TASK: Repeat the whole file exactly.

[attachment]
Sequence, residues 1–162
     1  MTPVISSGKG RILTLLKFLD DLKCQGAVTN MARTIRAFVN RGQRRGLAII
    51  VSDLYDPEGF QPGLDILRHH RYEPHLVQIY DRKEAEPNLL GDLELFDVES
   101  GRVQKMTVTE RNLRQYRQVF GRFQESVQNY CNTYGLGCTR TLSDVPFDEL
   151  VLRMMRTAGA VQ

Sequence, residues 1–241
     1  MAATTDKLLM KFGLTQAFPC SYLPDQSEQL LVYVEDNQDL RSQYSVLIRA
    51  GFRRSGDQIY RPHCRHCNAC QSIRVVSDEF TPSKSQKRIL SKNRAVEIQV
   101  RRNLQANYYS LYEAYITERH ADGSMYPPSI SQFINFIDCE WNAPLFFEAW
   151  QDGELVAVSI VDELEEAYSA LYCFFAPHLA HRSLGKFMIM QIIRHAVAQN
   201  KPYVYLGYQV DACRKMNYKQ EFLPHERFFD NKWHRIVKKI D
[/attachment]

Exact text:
Sequence, residues 1–162
     1  MTPVISSGKG RILTLLKFLD DLKCQGAVTN MARTIRAFVN RGQRRGLAII
    51  VSDLYDPEGF QPGLDILRHH RYEPHLVQIY DRKEAEPNLL GDLELFDVES
   101  GRVQKMTVTE RNLRQYRQVF GRFQESVQNY CNTYGLGCTR TLSDVPFDEL
   151  VLRMMRTAGA VQ

Sequence, residues 1–241
     1  MAATTDKLLM KFGLTQAFPC SYLPDQSEQL LVYVEDNQDL RSQYSVLIRA
    51  GFRRSGDQIY RPHCRHCNAC QSIRVVSDEF TPSKSQKRIL SKNRAVEIQV
   101  RRNLQANYYS LYEAYITERH ADGSMYPPSI SQFINFIDCE WNAPLFFEAW
   151  QDGELVAVSI VDELEEAYSA LYCFFAPHLA HRSLGKFMIM QIIRHAVAQN
   201  KPYVYLGYQV DACRKMNYKQ EFLPHERFFD NKWHRIVKKI D